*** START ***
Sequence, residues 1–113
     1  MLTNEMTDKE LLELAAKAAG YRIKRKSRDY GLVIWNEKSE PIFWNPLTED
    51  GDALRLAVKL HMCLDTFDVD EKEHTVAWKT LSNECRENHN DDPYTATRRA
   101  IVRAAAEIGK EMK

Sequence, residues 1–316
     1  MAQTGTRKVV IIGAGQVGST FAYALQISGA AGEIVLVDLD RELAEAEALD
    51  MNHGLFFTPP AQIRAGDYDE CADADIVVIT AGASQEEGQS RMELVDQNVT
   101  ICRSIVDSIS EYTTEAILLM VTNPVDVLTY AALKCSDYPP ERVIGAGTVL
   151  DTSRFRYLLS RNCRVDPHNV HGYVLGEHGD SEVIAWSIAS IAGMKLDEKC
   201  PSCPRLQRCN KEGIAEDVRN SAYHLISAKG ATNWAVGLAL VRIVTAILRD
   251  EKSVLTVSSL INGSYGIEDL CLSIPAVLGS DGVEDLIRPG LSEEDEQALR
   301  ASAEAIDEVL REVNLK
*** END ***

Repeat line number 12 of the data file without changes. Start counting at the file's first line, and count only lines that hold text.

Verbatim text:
   301  ASAEAIDEVL REVNLK